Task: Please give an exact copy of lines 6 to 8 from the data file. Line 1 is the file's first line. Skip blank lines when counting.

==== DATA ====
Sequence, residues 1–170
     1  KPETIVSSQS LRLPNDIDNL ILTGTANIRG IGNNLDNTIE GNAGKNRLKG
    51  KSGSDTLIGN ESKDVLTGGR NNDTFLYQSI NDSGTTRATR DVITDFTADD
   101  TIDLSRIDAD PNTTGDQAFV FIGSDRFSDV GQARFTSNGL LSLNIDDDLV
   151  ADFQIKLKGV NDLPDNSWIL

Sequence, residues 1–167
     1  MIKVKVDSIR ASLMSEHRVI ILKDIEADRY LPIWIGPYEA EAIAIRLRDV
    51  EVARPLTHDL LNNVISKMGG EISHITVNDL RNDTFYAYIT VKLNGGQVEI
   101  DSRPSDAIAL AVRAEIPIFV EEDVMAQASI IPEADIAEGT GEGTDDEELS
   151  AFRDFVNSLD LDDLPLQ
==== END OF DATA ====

Sequence, residues 1–167
     1  MIKVKVDSIR ASLMSEHRVI ILKDIEADRY LPIWIGPYEA EAIAIRLRDV
    51  EVARPLTHDL LNNVISKMGG EISHITVNDL RNDTFYAYIT VKLNGGQVEI